19. 19. dentinal canals. Superficial abounded dentin may have included canals. If the canals are small, attachment is less and vice versa. Presence of plaque, calculus, extrinsic stains/debris Any enamel/dentin surface that requires bonding must be scrupulously cleared before the bonding procedure begins. Plaque present on the tooth surface prevents etcher with 37% phosphoric acid. Penetration of plaque by the acids used in DBA is not possible and will result in a clinical adhesive failure. Tooth surface stains and dental calculus if not removed will not permit bonding. Presence of basis on liners on F The presence of varnish eliminates the potential to bond restorative material to the tooth surface. Liners may result in creating moderate bonds with dentin but the bond strength is significantly lower than that created by placing seen on acid etched enamel surfaces. Tooth dehydration Ever drying the tooth preparation before placing bonding agents should be considered to be a negative factor. Drying only till the obvious shine of moisture is a good clinical guide. Dentin Bonding Agents The DBA are di or multifunctional organic molecules that contain reactive group, which interact with dentin and the monomer of the restorative resin.
  20. 20. Co +A D A Components of DBA Conditioner Premier Adhesive Requirements of DBA Ideally, dentin-bonding system should have  Sufficient bond strength, optimum 11-20 Mpa  Be compatible with dental tissues  Provide in immediate permanent high strength bond to dentin  Minimize micro-leakage at the margins of the restoration  Prevent recurrent caries and marginal staining  Easy to use and less technique sensitive  Reasonable shelf life  Compatable with all resins  No reduction in bond strength when applied to moist surface  No potential for sensitization of patient on gerator Problems in Bonding to dentin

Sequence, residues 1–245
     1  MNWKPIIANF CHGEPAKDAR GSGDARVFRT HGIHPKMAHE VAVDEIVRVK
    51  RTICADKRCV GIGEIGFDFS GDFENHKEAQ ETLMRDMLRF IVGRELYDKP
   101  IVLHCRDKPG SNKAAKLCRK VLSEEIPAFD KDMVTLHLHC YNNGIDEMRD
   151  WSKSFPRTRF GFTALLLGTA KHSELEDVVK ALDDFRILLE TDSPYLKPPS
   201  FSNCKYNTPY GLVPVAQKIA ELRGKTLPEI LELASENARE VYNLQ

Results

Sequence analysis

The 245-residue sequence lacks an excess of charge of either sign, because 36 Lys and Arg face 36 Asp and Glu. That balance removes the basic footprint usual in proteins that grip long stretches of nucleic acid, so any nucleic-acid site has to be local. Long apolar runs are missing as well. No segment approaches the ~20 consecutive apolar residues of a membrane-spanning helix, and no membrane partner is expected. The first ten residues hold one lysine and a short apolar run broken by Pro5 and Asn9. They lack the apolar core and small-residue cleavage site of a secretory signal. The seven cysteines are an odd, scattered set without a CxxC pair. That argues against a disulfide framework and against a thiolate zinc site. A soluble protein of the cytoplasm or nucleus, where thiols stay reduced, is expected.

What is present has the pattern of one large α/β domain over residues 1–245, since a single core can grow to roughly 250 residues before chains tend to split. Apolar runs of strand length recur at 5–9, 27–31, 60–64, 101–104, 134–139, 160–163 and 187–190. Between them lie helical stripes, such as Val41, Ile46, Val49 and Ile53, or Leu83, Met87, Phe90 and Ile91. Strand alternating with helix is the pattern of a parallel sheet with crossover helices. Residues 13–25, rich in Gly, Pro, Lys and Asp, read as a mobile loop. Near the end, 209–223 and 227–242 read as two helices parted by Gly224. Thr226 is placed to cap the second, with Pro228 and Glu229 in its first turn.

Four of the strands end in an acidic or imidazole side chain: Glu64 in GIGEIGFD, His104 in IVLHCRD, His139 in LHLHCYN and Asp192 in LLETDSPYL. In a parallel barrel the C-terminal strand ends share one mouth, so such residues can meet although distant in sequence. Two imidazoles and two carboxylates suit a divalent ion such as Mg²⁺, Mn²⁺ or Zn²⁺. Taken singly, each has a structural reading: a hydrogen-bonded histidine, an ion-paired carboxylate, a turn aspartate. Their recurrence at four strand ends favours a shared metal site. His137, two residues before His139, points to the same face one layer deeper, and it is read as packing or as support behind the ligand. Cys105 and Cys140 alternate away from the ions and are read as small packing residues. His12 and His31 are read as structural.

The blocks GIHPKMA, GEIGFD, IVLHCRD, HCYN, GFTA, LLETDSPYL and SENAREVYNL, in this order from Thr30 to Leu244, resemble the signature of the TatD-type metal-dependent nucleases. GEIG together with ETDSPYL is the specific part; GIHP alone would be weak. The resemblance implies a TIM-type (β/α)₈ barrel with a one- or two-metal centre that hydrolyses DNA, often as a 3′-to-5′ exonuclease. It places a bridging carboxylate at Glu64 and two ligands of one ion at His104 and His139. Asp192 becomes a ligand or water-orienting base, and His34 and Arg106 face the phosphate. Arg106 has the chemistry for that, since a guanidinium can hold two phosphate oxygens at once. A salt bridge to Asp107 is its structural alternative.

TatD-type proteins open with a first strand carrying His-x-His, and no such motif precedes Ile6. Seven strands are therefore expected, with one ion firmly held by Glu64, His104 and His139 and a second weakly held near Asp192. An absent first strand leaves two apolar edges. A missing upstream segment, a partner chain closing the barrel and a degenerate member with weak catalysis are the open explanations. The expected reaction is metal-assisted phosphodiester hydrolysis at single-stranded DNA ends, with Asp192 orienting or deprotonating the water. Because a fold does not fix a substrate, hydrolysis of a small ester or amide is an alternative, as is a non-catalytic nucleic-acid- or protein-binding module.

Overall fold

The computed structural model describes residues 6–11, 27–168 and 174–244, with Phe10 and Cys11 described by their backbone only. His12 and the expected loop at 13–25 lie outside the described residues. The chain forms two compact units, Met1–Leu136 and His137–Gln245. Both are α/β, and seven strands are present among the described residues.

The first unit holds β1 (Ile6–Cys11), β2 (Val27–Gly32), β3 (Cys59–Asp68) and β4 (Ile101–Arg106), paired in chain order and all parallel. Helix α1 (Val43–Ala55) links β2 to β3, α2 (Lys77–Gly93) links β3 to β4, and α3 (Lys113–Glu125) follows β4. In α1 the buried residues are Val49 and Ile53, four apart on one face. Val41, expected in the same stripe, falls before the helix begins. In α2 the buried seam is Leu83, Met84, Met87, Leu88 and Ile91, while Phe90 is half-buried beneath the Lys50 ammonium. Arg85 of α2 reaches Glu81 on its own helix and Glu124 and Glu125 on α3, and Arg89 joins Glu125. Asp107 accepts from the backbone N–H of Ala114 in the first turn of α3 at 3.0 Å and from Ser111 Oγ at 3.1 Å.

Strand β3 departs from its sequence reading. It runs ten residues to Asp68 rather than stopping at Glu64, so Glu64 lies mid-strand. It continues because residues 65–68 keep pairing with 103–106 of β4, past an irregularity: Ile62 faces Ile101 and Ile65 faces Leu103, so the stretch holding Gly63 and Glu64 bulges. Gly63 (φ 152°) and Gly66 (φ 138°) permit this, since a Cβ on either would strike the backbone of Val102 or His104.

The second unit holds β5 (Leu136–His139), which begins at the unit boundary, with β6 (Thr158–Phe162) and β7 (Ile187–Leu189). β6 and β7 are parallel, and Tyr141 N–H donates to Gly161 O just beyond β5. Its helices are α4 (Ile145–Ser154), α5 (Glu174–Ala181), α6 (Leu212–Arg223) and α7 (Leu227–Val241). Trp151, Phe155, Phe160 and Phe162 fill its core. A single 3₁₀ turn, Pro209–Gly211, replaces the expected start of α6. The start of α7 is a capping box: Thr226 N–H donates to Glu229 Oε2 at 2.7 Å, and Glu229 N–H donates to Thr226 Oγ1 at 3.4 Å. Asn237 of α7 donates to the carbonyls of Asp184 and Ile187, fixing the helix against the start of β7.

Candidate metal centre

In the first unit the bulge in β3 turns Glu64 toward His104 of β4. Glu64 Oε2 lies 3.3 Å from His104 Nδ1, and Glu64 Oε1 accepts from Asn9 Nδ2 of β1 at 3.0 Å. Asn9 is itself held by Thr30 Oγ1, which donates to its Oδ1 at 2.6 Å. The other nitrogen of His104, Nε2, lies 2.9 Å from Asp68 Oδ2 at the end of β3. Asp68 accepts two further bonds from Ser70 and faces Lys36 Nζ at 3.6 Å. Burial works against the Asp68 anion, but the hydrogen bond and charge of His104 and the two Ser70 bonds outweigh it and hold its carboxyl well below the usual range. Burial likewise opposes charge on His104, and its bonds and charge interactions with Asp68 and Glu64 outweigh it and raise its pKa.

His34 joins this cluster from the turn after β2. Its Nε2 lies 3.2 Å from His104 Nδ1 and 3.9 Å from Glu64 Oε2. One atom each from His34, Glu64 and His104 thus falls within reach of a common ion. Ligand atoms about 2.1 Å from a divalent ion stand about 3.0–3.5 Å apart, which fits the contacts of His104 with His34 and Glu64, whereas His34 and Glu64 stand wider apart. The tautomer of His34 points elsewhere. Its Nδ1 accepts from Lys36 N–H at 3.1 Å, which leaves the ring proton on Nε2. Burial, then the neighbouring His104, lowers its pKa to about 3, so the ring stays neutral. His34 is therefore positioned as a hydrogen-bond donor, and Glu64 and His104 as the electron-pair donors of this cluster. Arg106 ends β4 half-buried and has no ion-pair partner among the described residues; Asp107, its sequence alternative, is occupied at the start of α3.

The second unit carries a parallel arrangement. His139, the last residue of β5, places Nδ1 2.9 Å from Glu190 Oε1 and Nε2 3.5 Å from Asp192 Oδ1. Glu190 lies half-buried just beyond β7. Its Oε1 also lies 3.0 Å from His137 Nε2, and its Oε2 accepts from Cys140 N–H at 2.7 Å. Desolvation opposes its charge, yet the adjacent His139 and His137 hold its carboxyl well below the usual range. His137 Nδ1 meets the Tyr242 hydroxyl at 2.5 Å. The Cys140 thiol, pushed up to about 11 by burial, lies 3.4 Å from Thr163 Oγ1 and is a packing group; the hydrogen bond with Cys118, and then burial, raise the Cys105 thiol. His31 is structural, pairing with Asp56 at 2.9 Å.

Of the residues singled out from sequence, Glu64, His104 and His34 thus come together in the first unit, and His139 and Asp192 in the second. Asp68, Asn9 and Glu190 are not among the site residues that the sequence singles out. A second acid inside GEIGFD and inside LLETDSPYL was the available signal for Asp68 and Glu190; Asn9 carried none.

21. 21. The developments of adhesives that adhere to dentin have still been and still remain a challenge to researchers.  Dentin consists of 50% of volume inorganic HAP, 30% organic material and 20% volume of fluid.  Dentinal HAP is randomly arranged in an organic matrix  The high fluid content of dentin places certain requirements on restorative dental material (resin are hydropholic).  The tubular nature of dentin provides a valuable area through which the dentinal fluid might flow to surface and adversely affect adhesion.  Sucrosed dentin if present is difficult to penetrate (results from aging or mild irritation and causes a change in the structure of primary dentin is the peri-tubular dentin becomes wider, gradually filling the tubular with calcified material. The areas are harder, denser, less sensitive)  Presence of inter-tubular and peri-tubular dentin, each tubular is suspended by a collar of gyper-mineralized dentin called peri-tubular dentin. The less mineralized dentin between the tubules is called inter-tubular dentin.  The presence of smear layer complicates dentin bonding. The smear layer is present on cut dentin surface and is of limited strength so it must be either removed or penetrated by the resin.  Permeability of dentin differs at different sites variation is permeability may arise due to tubular irregularities associated with mineral deposits. It also increases resin the pulp and pulp horns than the adjacent areas. CLASSIFICATION OF DBA